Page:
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Initial Public Offerings are one of the most efficient and widely-used methods by firms to raise capital to grow. There are several reasons why a firm might decide to get listed on a stock market, but most often, it’s a capital constraint from internal resources.
And that’s what prompts it, if it’s a profitable firm, to ask for the public to invest in it. It’s a bit like the predecessor of crowd-funding. Still, it has favoring consequences which can be extended, such as widespread publicity, liquidity of funds for capital, and the option of distributing employee stock option as an incentive, among many others.
IPOs can be viewed as an auction of a share of a company’s ownership. It’s the beginning of the process of a company said to be “going public.” IPOs begin with the company announcing going public and end in the listing of that company on the stock market.
It’s a long process in-between, wherein the firm in question designs a prospectus sharing all the details of the public offering, namely material facts and figures on the financial soundness of the company, its history, its business and prospects, the value it can offer you for your money, and details of the number of shares and the price they’re being offered at.
The New York Stock Exchange is one of the most coveted places for firms to get listed. It’s one of the highly recognized and traded platforms in the world. The NYSE has a state-of-the-art price discovery mechanism, supports a variety of financial instruments, is largely digitized, and supports newer trading methods, such as stock market API, and so on.
Other than just business, listing with the NYSE is a mark of prestige, and a ticker on the New York Stock Exchange provides tremendous publicity.
The IPO Process
Initial Public Offerings include tedious hours of drafting, redrafting, publicity, subscription, allotment, culminating in the company being listed on the NYSE.
The whole process can be broken down into simple steps:
- Taking the decision: This refers to the moment when the company’s board decides to go public.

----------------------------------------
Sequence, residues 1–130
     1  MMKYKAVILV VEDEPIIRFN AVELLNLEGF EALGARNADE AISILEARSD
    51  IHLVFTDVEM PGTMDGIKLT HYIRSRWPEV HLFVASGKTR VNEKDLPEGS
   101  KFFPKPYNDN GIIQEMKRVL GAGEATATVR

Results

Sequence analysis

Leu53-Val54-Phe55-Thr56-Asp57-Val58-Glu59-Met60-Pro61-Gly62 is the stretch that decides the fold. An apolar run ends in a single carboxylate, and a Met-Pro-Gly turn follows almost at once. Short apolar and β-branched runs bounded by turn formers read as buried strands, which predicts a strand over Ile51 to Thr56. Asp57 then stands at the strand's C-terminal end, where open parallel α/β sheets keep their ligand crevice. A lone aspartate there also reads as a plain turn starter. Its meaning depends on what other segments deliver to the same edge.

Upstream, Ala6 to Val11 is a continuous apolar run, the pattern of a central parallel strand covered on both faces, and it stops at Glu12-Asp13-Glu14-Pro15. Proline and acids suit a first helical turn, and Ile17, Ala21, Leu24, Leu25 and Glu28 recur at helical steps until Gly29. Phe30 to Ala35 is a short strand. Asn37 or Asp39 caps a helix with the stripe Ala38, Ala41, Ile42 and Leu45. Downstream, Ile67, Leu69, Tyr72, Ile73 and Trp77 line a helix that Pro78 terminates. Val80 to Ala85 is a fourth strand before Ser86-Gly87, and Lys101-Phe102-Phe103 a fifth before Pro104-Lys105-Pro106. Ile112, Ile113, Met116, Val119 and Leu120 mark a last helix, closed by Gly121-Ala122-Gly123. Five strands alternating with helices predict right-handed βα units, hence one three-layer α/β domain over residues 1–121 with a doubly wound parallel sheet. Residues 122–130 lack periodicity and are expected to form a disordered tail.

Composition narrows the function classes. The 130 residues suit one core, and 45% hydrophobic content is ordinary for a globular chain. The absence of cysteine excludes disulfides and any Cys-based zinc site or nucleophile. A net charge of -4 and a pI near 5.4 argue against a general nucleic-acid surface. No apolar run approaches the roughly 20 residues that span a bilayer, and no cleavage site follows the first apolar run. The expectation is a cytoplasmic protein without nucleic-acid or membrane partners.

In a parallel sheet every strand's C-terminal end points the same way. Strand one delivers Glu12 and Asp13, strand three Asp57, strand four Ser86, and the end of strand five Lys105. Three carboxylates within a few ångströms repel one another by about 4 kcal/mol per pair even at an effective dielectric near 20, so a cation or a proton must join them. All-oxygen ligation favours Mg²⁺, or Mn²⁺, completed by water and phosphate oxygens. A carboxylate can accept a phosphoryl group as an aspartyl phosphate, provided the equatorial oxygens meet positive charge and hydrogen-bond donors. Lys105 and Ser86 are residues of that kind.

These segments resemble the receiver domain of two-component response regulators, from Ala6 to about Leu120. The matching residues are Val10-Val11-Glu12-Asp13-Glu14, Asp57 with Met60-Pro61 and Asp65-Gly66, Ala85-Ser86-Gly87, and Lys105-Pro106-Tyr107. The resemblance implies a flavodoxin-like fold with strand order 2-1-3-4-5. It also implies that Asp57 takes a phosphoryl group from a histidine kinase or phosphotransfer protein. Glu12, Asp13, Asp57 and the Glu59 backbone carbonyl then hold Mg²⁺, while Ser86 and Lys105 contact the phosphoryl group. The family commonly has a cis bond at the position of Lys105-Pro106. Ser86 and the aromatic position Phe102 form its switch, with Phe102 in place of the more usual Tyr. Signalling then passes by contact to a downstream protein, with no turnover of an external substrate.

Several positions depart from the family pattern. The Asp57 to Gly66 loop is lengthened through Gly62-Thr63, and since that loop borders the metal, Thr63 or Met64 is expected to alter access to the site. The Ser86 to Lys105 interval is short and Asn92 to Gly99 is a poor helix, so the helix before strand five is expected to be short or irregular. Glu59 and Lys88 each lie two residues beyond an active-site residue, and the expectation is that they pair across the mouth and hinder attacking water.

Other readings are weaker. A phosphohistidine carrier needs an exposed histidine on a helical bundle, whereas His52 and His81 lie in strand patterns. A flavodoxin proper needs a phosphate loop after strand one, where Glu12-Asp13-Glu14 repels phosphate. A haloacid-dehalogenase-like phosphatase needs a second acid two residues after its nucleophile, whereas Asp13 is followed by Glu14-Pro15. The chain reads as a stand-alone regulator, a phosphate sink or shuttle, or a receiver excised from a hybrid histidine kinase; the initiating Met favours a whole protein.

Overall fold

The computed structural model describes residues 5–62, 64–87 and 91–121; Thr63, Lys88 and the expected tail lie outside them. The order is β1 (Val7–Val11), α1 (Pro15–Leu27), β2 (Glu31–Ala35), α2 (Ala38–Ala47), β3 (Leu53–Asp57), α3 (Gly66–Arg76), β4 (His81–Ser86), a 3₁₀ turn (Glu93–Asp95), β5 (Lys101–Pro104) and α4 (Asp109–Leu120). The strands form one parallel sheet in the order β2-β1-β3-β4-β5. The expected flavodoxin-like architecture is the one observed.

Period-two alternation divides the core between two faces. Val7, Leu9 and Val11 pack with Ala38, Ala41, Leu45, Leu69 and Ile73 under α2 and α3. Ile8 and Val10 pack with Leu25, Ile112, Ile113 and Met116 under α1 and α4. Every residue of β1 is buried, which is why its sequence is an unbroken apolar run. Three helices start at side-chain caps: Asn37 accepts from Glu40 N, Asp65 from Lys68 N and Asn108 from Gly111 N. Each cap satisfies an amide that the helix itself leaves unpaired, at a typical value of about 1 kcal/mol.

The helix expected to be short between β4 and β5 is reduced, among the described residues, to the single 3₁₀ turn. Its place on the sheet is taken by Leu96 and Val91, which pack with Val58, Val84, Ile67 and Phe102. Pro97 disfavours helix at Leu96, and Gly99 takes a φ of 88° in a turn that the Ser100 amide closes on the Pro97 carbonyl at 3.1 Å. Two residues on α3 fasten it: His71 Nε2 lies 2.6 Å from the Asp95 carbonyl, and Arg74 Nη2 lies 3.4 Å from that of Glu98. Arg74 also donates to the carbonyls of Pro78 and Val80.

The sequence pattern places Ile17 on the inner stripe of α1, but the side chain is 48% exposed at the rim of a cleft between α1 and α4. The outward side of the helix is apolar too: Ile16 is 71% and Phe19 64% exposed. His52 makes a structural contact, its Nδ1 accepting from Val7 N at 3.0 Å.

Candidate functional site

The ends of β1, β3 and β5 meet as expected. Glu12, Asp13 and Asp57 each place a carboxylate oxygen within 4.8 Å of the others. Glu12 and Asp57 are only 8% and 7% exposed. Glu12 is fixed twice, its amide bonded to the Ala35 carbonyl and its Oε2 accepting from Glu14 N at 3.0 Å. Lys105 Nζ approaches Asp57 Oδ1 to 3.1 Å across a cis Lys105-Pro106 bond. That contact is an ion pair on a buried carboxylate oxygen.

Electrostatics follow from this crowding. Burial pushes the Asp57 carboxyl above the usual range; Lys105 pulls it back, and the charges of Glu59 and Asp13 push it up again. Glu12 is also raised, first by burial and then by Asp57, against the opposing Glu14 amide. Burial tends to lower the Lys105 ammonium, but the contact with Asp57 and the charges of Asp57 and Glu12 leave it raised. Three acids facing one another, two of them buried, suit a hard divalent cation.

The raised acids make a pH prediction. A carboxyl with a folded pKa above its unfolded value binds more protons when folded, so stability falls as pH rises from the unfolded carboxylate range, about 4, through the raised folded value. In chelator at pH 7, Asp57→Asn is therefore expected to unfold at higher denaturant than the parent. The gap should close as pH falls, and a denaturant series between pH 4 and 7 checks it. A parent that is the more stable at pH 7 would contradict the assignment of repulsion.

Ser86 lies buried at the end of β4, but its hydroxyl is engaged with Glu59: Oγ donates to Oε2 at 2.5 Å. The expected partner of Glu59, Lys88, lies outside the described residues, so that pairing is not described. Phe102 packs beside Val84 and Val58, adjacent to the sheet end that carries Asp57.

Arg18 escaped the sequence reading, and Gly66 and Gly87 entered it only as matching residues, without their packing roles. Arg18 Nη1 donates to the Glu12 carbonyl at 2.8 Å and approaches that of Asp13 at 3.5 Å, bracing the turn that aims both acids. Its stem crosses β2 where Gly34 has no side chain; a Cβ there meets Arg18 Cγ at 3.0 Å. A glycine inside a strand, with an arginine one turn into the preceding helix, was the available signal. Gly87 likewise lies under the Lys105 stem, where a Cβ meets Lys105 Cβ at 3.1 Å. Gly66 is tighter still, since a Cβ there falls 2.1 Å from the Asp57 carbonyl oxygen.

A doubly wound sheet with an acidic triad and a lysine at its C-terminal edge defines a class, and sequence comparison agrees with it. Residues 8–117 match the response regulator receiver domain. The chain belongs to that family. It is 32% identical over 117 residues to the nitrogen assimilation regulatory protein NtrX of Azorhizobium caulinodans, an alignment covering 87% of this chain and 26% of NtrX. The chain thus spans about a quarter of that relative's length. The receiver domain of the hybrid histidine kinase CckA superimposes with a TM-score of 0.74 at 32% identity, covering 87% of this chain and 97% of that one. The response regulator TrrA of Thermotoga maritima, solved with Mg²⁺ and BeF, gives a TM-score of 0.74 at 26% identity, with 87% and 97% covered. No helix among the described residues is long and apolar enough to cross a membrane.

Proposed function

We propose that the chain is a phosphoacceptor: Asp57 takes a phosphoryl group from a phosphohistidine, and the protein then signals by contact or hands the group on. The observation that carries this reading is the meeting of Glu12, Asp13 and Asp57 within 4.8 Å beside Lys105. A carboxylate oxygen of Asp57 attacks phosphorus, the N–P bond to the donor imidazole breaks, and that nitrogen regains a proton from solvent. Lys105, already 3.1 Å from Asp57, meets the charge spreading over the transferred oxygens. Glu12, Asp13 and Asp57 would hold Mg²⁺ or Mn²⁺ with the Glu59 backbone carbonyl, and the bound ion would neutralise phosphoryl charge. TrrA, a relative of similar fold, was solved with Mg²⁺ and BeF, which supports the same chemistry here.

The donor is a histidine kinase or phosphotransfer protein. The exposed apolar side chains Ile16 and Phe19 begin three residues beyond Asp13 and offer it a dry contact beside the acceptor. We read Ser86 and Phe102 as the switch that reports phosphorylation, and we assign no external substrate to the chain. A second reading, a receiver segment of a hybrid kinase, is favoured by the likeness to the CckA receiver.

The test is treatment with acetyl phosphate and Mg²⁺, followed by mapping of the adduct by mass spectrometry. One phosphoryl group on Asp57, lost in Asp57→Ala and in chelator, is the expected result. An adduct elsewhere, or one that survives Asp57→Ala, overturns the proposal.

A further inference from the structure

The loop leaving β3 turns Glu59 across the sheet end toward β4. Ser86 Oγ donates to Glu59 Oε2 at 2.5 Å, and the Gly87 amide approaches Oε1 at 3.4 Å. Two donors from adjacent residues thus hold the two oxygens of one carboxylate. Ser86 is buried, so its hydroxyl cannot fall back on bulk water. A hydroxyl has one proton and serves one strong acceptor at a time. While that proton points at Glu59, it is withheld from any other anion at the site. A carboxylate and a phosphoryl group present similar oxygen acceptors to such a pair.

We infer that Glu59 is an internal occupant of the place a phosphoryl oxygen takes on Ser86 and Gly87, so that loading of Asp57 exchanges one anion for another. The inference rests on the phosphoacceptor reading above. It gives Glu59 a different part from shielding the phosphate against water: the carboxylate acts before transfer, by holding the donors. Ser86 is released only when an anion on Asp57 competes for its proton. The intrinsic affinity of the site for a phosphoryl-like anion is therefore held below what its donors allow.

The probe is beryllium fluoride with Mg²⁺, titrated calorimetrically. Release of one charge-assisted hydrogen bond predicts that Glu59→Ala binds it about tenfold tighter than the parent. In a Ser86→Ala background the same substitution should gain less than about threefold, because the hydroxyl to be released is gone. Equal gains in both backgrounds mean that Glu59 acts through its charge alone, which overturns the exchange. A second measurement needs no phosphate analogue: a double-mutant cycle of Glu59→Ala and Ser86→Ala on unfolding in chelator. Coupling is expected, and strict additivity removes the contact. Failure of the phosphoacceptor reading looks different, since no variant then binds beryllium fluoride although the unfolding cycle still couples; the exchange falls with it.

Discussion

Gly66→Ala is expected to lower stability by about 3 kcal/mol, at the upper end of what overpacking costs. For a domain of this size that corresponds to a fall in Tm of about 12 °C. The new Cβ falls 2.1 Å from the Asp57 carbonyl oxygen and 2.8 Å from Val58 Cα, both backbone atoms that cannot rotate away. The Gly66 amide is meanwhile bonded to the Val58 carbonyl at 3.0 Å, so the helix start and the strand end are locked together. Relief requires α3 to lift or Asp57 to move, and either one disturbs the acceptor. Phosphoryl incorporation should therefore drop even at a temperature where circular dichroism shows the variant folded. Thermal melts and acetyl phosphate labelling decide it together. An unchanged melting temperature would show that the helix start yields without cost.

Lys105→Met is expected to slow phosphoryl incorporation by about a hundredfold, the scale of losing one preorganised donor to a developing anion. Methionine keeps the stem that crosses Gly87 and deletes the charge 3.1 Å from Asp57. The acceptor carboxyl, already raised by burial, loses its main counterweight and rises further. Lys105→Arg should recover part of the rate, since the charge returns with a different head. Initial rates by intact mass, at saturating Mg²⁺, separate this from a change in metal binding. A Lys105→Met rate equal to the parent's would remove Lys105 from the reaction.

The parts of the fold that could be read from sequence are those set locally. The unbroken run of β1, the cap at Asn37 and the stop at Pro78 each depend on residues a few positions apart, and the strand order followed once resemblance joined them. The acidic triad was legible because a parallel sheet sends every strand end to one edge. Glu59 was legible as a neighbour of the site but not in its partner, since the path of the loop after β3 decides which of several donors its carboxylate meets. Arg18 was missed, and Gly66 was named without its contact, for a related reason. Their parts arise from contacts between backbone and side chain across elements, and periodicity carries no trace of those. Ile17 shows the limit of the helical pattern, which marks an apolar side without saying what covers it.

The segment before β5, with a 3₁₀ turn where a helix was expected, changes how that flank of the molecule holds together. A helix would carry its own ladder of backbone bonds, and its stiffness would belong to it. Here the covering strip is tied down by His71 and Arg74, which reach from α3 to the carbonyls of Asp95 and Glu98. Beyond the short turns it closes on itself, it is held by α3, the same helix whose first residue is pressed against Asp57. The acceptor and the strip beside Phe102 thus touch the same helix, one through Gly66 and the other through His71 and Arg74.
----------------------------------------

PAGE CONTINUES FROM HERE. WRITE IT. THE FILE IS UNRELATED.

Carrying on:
- Government Notification: The company then has to notify the United States government about its decision to be listed since it is going from private to public. The concerned body for this is the Securities and Exchange Commission. Relevant details such as company business, financials, the organizational structure, owner information, and legal status have to be duly disclosed.
- Publicity: The company sells its stock initially by publishing a prospectus with all its background, plans, and predicted returns to investors.
- Price Setting: The stock price is set the night before it’s due for listing on the NYSE. The price is calculated, taking into account public interest for the stock and the number of shares offered. The company receives the money from investors, and investors, in turn, get the stocks. A part of these allotted stocks is set to be traded the next morning.
- Unique Price Discovery: Before the company’s shares are traded, a unique price discovery system, called the Designated Market Maker, is implemented for accurate price discovery. The DMM is a relatively new feature offered by the NYSE. They carry out an “auction” of the listing company’s share lot, gauging investor interest on the floor. The DMM is considered to provide a human touch to the price discovery process, intermingling with traders on the floor. Most of the trading nowadays can be done by using trading bots.
- Beginning of Trade: The auction indication is updated minute-by-minute before narrowing it down to a single price. The stock officially starts trading on the New York Stock Exchange.
Requirements For A Listing On The NYSE
There are thorough regulations that have to be met if a company is looking to get itself a place on the NYSE ticker. Domestic and foreign firms have somewhat different criteria but is more or less the same. These regulations are to be followed meticulously, and not adhering to them can lead to heavy legal trouble.
Companies listing via IPOs, or Initial Firm Commitment Underwritten Public Offering, have to clear either the Earnings Test or the Global Market Capitalization Test.
As per the Earnings Test, minimum pre-tax earnings, after accounting for minority interest, amortization, and equity in earnings or losses of investees, must equal 10 million dollars in the past two years, with a minimum of 2 million dollars in both the years.
The Global Market Capitalization Test requires at least 200 million dollars in global capitalization, adjusted for other items and acquisitions.
The NYSE relies on the listing company’s underwriter’s written word to represent the anticipated value of the listing company’s offering to determine whether it complies with the listing standard or not.
The listing standards demand that a company show that its publicly-held shares’ aggregate market value is at least 40 million dollars. The price per share must not be less than 4 dollars a share. Else the company will not qualify to be enlisted.
Companies hoping to make it to the NYSE must have shareholder numbers above 400, each holding more than 100 shares and at least 1.1 million of publicly traded stock.
Standards for non-domestic firms trying to get listed on the NYSE are even more stringent. For a non-US firm, the minimum Earnings Test aggregate is not less than $100 million in the preceding 3 fiscal years, with less than $25 million of earnings in two consecutive years.
They must also have 5000 shareholders worldwide, with 2.5 million publicly held shares with a combined market value of 60 million dollars.
The New York Stock Exchange is one of the busiest share markets globally, conducting trades worth billions of dollars each day. To get listed on the NYSE is prestigious and a mark of success. However, an IPO on NYSE is contingent upon stringent requirements for earnings and distribution.